April 2017 Issue
Garmin Flight Stream: Worth It For Some
Garminís Flight Stream 510 Wi-Fi datacard saves big on install effort. While thereís room for improvement, flight planning and nav updates are high points.
While wireless connectivity is taken for granted outside the cockpit, it’s recently begun to see some use in the cockpit. Portable ADS-B devices connect wirelessly to our portables, but wireless communications with panel-mount, certified avionics is far less common. Garmin changed that with its RS-232-based Flight Stream 100/200 wireless hubs.
The Flight Stream 510 takes connectivity to a higher level because installation is as easy as popping an MMC datacard in the slot of the GTN navigator. We’ve been using the interface for some time and recognize some benefits that could be worth the $1500 buy in. Here’s a report.
Aspen Avionics was the first to offer wireless connections between the panel and a tablet. Its Connected Panel technology uses the Evolution PFD and MFD as a gateway between the navigator and an iOS tablet running the popular ForeFlight navigation app.
Not far behind, Garmin introduced its Flight Stream products hosting communications it calls Connext. (Flight Stream is the hardware; Connext is the feature set.) Other manufacturers have point solutions, but everybody has thus far shared the need to physically install one or more wired boxes in the airplane to provide that wireless capability. That might be easy if the aircraft is opened up for install, but maybe not so much if it needs to be torn apart for a second installation.
Garmin’s $1495 Flight Stream 510 for the GTN-series navigators (it won’t work with the discontinued GNS navigators, but the wired Flight Stream 100/200 will) extends the Connext concept. The FS 510 is a multimedia card—think SD card—that houses 32 GB of memory plus Wi-Fi and Bluetooth transceivers.
Although the FS 510 is technically a dealer-installed item, installation amounts to simply popping the SD database card out of your GTN navigator, replacing it with the FS 510 and pushing a few buttons for configuration. We got hung up on the configuration step for two reasons. First, we installed it ourselves. Second, the required configuration is in the separately downloaded documentation, but you have to go looking for it. We were in too big a hurry to try out the new toy and overlooked the requisite instructions. As a reward for our oversight, we got to spend time on the phone evaluating the quality of Garmin’s tech support group, who patiently explained what we needed to do.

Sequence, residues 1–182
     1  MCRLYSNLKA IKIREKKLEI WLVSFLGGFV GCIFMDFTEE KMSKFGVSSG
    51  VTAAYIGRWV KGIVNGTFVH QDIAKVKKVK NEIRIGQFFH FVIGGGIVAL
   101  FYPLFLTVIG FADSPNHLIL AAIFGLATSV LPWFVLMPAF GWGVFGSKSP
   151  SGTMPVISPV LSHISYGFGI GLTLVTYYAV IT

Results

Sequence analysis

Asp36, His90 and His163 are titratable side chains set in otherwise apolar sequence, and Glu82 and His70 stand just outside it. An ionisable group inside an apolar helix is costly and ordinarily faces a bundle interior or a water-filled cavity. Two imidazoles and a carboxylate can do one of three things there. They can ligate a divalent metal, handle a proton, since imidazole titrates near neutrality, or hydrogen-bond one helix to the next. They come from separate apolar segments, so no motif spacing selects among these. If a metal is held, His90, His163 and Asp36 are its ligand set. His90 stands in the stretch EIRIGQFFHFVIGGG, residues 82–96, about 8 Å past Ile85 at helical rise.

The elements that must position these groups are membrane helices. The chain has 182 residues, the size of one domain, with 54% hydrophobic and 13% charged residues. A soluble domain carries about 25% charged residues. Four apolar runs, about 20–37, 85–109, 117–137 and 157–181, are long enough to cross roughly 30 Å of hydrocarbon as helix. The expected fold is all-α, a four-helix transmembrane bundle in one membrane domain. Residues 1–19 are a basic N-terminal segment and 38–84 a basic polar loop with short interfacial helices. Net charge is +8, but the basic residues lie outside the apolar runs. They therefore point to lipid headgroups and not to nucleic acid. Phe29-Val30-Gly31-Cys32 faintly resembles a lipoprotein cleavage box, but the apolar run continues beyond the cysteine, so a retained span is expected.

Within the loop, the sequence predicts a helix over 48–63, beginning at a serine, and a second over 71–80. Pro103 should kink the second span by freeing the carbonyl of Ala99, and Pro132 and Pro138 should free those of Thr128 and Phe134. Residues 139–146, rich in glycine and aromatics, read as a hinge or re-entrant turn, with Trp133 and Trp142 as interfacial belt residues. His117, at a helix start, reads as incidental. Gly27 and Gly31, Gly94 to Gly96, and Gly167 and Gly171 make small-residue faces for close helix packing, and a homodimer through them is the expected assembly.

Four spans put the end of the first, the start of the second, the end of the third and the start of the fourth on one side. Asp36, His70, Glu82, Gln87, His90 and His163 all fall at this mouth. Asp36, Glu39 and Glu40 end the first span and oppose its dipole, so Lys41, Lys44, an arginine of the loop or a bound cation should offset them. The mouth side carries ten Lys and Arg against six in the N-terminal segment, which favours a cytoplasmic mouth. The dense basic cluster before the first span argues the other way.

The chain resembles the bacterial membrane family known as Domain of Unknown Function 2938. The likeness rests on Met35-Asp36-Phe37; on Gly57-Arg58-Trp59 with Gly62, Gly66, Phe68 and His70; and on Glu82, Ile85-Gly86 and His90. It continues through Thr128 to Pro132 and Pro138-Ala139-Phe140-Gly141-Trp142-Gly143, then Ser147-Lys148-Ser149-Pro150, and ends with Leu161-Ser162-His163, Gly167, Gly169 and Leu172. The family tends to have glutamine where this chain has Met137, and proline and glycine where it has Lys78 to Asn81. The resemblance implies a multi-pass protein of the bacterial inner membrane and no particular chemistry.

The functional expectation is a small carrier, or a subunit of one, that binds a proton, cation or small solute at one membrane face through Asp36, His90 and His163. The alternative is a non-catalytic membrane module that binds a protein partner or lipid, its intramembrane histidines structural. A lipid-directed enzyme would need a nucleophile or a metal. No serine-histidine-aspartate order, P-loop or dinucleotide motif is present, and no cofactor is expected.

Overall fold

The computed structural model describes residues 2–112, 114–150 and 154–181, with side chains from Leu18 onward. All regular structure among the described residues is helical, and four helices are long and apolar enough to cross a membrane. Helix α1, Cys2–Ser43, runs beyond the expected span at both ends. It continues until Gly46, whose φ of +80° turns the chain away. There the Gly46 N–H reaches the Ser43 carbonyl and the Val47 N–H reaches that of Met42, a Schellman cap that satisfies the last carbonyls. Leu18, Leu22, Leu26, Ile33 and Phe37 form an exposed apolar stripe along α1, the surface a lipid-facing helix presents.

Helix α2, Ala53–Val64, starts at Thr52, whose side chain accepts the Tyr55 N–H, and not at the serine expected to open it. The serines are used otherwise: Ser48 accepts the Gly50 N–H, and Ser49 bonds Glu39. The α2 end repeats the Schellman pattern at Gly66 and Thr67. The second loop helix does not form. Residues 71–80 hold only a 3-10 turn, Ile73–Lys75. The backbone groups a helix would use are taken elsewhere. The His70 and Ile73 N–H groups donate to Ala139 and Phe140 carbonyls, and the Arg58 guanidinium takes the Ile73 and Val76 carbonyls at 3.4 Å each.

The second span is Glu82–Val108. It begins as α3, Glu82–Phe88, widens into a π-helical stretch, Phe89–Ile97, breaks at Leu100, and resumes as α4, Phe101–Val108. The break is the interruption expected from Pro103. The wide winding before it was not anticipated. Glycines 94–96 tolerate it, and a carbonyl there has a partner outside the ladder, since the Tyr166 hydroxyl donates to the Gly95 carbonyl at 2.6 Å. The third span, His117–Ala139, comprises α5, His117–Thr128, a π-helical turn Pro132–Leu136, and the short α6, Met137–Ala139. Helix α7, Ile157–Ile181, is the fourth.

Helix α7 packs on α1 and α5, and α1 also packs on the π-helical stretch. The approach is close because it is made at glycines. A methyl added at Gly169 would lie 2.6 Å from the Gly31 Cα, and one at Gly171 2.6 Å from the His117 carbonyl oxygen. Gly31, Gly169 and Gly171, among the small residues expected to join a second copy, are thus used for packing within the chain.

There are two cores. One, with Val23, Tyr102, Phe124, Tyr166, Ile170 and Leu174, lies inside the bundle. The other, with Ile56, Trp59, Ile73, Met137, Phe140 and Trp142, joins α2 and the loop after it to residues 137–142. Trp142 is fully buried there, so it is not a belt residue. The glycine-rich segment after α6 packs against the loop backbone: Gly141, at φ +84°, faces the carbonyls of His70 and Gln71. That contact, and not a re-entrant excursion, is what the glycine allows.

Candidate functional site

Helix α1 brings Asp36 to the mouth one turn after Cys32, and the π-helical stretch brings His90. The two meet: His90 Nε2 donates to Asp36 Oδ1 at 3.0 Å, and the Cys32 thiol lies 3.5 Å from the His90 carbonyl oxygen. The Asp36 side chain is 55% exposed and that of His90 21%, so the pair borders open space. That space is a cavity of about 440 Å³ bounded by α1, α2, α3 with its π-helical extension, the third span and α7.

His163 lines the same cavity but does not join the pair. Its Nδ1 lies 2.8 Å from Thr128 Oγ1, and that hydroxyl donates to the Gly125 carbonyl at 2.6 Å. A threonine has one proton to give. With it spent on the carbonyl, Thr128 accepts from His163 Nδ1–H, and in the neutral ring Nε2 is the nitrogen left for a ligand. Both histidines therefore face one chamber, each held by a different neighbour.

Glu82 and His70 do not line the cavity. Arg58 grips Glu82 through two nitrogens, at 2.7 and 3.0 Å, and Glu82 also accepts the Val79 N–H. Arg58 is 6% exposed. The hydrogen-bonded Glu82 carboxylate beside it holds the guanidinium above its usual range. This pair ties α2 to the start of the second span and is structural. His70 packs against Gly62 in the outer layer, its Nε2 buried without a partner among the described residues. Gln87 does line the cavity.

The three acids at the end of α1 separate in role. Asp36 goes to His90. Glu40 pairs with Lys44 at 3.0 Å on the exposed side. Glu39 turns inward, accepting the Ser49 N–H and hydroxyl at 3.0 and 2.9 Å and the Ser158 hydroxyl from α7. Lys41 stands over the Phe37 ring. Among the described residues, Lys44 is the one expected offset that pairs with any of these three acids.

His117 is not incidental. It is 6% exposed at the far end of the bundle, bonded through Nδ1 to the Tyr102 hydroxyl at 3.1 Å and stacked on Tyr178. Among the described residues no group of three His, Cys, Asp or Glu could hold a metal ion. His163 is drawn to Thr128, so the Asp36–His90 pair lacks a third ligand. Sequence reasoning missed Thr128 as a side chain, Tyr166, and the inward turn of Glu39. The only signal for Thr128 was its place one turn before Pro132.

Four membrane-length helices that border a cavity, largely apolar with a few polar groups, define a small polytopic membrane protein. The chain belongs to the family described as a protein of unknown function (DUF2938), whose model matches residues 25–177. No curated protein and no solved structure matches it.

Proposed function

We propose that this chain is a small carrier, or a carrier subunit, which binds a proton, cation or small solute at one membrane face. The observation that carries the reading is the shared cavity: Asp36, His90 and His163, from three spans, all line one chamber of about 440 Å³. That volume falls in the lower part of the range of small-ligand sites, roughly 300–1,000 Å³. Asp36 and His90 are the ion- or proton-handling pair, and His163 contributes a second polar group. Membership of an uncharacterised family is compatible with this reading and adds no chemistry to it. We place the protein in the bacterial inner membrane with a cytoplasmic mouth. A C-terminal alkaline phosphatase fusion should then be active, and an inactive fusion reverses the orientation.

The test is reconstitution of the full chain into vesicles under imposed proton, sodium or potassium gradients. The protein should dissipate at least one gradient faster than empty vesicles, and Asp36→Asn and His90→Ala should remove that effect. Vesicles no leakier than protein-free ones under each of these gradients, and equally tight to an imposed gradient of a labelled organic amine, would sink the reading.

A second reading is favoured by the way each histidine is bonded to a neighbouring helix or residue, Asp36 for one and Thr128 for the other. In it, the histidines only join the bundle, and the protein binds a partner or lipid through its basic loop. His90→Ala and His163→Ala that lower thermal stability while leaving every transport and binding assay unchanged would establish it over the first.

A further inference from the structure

This is all there is to it: Replace the GTN’s existing SD database card with the FS 510 and configure the box(es) for it. Total installation time should be under five minutes if you know what you’re doing—10 minutes if you’re reading the directions for the first time.
For this effort you get the same capabilities via Bluetooth offered by the Flight Stream 210 hard-wired black box, plus a Wi-Fi connection for a feature of Connext Garmin calls Database Concierge.
Connext features are available with Garmin Pilot on Apple and Android devices and with ForeFlight on Apple. However, not all features are available on all combinations as we’ll note. Also, those Connext features require Flight Stream hardware, but some are built in to Garmin’s GTX 345 ADS-B transponder, which has integral wireless Bluetooth capability.
The Wi-Fi connection in the FS 510 is there solely to support Database Concierge, available only on the Garmin Pilot app. Database Concierge allows wireless database updates to the GTN navigator(s), the G500/600 PFD/MFD or the new G1000 NXi just announced. Neither the legacy GNS530/430 (or GNS-WAAS) navigators or currently installed G1000s are compatible with Database Concierge.
Using this feature is easy, but not necessarily obvious the first time you try, based on our trials. Assuming you’ve previously subscribed to the appropriate data, your copy of Garmin Pilot will download the databases required by your avionics suite. Then, on initial power up of the navigator, and before you “Press to Continue” past the database-status page (another important step we initially missed), the Wi-Fi in the FS 510 is enabled. You connect Wi-Fi in your tablet to the FS 510 and after a short time to figure out what needs to happen, the data is transferred from the tablet over the Wi-Fi to the FS 510 with a couple button-presses to get it started.
Your effort to update the data is a bit less than even writing an SD card at home. You can configure Garmin Pilot to automatically download the database updates for your aircraft, so that part is hands off. When you get to the aircraft, perhaps while doing your preflight inspection, power up the GTN navigator and push a couple buttons to allow the data to wirelessly flow from your tablet to the navigator.
A full database transfer including Garmin’s FliteCharts took a bit over 10 minutes, so this step is suitably quick. What happens from there depends on the rest of your equipment.